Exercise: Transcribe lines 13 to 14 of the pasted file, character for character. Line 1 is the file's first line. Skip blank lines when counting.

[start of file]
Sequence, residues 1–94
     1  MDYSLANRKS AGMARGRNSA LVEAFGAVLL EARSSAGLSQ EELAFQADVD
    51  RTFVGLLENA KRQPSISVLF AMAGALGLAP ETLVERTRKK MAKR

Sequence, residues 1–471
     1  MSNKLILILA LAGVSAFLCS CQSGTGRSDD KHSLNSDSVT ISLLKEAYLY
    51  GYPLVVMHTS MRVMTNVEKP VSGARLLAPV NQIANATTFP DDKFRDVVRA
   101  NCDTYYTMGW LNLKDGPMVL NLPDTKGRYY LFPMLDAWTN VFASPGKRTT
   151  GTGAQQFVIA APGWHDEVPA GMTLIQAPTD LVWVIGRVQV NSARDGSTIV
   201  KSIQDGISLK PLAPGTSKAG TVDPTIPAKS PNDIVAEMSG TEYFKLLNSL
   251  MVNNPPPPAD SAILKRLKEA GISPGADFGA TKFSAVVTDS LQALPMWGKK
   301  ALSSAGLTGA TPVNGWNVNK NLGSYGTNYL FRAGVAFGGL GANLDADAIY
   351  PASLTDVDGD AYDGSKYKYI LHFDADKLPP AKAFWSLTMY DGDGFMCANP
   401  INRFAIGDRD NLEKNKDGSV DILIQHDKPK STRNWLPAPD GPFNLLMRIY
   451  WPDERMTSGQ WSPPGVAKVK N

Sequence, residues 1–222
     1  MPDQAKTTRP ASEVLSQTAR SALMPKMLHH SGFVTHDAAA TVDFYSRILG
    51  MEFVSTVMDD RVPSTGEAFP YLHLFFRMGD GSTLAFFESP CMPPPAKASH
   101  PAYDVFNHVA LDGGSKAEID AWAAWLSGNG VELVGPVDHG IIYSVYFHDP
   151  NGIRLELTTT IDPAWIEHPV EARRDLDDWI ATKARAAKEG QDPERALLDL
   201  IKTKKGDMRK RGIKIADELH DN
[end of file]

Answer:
   401  INRFAIGDRD NLEKNKDGSV DILIQHDKPK STRNWLPAPD GPFNLLMRIY
   451  WPDERMTSGQ WSPPGVAKVK N